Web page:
Family warms to Sicilian escape: Mariuccia - 9 July 2011
DAILY EXPRESS: A break from their usual summer haunts led SARAH MERSON and her clan to discover the island's delights
IT MUST have made an unusual sight. Myself and our three young children hanging around outside the grocery shop in the heat of the afternoon, waiting for it to open.
Ostensibly we were there to replenish stocks of bread and milk for our nearby villa but who were we kidding? What we really craved was more of the shop's delicious Sicilian gelato.
My husband Josh and I along with our brood, Louis, eight, Olivia, six and three-year-old Jude, arrived at the island's capital Palermo two days earlier. Picking up our hire car, we'd driven the two hours direct to our villa, Mariuccia, through the mountainous interior.
Set just inland from Sicily's Mediterranean coast, our plan was to use it as a base to explore the island's beautiful western expanse.
It was late into the evening as we drove through the grand gates of the three-acre estate containing Mariuccia, so we were pleasantly surprised to find the owners waiting for us with a warm welcome.
Any apprehension we had about taking a break away from the standard family-friendly Med destinations quickly evaporated: the children were instantly adored. In Sicily, family is the bedrock of day-to-day life.
A few hours later, the sun was up and Jude insisted that we all were, too. We spent the day familiarising ourselves with the villa, which had a slightly incongruous Californian feel, inside and out.
The three terraces were decked out with BBQ and wood-burning pizza oven and various sitting and dining areas surrounded by colourful flower beds. Beyond that, the oak and olive trees offered privacy and shade. Inside, children delighted at the snooker room, table tennis table and PlayStation.
With five double bedrooms, it was a toss up who got the one with a balcony overlooking the wonderfully inviting pool. That evening a catering team organised by soloSicily, the villa letting agency, prepared us a tailored three-course dinner. Expecting the children not to deviate far from the pasta main course, I was amazed to see them tucking in to the freshly caught king prawns wrapped in deep-fried spaghetti.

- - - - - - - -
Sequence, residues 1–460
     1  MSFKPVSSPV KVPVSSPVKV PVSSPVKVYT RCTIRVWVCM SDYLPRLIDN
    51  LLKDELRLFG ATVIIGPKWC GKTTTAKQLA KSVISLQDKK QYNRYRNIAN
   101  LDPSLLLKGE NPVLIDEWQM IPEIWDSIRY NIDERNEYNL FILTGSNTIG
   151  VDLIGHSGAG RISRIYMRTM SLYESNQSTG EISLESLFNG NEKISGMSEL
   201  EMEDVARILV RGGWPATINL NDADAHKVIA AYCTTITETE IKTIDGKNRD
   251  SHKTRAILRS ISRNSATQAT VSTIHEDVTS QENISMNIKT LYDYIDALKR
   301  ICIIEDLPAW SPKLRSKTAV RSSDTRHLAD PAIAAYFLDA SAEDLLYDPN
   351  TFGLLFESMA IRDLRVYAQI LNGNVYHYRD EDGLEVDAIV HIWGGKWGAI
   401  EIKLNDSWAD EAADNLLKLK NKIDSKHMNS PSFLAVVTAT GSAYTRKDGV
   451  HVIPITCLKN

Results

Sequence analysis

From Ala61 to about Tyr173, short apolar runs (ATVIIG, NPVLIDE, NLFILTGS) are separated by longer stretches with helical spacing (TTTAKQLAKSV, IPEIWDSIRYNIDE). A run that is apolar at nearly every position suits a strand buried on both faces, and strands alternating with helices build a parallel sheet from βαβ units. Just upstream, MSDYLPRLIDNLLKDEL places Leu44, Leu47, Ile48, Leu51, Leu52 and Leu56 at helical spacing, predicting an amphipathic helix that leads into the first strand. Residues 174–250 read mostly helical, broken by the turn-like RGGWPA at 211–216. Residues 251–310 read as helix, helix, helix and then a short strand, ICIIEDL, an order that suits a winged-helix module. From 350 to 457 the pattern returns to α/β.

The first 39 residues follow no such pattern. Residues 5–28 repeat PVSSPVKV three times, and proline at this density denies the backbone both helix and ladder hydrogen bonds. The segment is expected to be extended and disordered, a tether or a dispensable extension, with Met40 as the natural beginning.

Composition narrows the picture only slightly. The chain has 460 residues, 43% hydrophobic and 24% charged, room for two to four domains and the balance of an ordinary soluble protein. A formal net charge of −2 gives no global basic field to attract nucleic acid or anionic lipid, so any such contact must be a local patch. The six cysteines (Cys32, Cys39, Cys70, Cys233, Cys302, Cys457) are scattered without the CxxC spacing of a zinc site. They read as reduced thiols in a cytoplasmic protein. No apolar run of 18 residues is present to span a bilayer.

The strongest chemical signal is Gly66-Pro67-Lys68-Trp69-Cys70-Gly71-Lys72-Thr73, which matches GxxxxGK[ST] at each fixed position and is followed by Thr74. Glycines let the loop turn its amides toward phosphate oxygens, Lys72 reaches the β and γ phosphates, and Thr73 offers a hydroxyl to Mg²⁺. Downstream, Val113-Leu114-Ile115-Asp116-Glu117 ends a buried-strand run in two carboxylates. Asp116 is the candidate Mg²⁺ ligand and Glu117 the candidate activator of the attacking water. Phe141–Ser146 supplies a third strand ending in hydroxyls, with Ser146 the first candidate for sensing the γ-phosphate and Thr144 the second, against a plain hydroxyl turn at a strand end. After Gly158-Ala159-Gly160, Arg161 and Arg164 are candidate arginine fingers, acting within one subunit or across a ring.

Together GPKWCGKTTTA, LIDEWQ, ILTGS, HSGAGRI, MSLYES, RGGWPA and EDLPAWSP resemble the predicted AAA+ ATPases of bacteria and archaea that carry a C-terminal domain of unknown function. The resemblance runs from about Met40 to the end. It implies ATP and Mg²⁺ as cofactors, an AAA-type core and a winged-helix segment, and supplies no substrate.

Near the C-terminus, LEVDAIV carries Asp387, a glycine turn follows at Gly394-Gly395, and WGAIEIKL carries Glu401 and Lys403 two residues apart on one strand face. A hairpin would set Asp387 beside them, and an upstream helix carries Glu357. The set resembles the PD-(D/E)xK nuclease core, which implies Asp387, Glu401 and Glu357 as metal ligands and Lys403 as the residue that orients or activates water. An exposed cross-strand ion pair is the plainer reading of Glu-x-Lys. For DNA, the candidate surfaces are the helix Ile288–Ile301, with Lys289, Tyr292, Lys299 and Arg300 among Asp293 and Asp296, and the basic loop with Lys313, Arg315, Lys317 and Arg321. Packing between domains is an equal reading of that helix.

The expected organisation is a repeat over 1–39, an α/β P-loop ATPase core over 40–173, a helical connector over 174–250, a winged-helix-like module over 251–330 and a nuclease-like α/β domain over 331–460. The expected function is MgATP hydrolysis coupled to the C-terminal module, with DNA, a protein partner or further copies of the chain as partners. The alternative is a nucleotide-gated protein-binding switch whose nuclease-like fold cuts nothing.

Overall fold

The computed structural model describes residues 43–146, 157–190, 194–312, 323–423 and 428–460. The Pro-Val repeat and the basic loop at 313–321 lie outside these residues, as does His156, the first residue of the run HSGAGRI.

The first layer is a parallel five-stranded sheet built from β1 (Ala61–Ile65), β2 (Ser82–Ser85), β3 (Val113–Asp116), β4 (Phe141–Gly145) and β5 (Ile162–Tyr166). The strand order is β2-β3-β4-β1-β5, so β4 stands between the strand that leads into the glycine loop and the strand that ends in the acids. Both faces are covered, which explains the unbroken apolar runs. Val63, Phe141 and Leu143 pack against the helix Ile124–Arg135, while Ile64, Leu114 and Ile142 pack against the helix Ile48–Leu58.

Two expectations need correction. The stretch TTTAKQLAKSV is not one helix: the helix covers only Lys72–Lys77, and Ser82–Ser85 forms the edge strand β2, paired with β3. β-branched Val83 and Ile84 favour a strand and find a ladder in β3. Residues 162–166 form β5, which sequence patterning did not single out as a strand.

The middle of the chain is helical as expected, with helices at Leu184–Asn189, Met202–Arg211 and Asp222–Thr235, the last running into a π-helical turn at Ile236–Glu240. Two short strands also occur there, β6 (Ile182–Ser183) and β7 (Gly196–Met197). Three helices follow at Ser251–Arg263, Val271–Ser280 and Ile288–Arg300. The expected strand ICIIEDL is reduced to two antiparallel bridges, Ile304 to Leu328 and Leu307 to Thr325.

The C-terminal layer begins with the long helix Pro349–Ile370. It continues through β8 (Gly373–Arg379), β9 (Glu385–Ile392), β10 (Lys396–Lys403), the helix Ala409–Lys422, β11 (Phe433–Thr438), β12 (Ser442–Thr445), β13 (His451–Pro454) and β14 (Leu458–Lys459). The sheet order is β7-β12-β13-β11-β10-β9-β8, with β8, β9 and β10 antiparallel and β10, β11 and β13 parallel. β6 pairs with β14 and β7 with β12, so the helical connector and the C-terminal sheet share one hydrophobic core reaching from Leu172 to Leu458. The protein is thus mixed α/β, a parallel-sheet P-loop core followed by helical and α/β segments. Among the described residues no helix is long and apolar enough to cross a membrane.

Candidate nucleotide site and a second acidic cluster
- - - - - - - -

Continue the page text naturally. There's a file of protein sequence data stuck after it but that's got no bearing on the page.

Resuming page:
Their liking for dessert was far more predictable: Sicily's beloved cannoli – tubes of fried pasta dough filled with ricotta, candied fruit and chocolate.
Sicily's sense of history was tangible every direction we went. A 10-minute drive took us to Burgio, a small farming settlement (with the gelato-stocked grocery shop).
Developed around the remains of a Norman castle, it is a beguiling warren of narrow streets and uneven rooftops with a defiantly laid-back air.
The focal point, the Mother Church, is intricately detailed with frescoes and mosaics but the pride and joy of the town is the Museum of Mummies.
Forget figures wrapped in bandage-like material; these are ancient corpses embalmed in oil and placed strategically in coffins.
The children were enthralled rather than unnerved at this bizarre spectacle and the stories surrounding them.
Later at Valley of the Temples, close to the city of Agrigento, we walked among the ruins of an ancient Greek city.
The area is dotted with gnarled olive and almond trees and the three temples, dating from 430BC, were extraordinarily beautiful against a brilliant blue sky.
One, the Concordia, looked strangely familiar. It was only later that I realised it is the model for Unesco's logo.
Returning for a day in Palermo, we shopped in the bustling street market, sampling “cucina povera” (cooking of the poor), effectively traditional Sicilian dishes. None of the children tried the snails, despite the stallholder gushingly insisting that the “bambini” must take one each, gratis.
The architecture of Palermo is enchanting, the car-choked streets and erratic driving less so. So we headed for the beautiful coastal resorts of Scopello and nearby San Vito lo Capo, perched on the tip of the north-west peninsula.
The former won us over with its white houses and smooth-stone streets, while the shimmering beach at San Vito lo Capo was in a league of its own. Here you are closer to Africa than the Italian mainland and the arid landscape and ubiquitous seafood couscous seemed to reflect that.
Back at our villa, the days took on a relaxed rhythm. Olivia overcame her fear of the pool's deep end, Louis kept a vigil for geckoes and Jude took delight in watching the wild Tibetan goats on the nearby hillside.
Come evening, the routine would always be the same. As we opened a bottle of red from the local Planeta Estate, the children would tuck in, once more, to the gelato. No wonder we were always running out.
soloSicily (0207 193 0158/www.solosicily.com) offers seven nights at Mariuccia from £2650 (sleeps six), selfcatering.
easyJet (0843 104 5000/www.easyjet.com) offers return flights from Gatwick to Palermo from £60. Italian State Tourist Board: 0207 408 1254/www.italiantouristboard.co.uk
Article on The Travel Daily Express website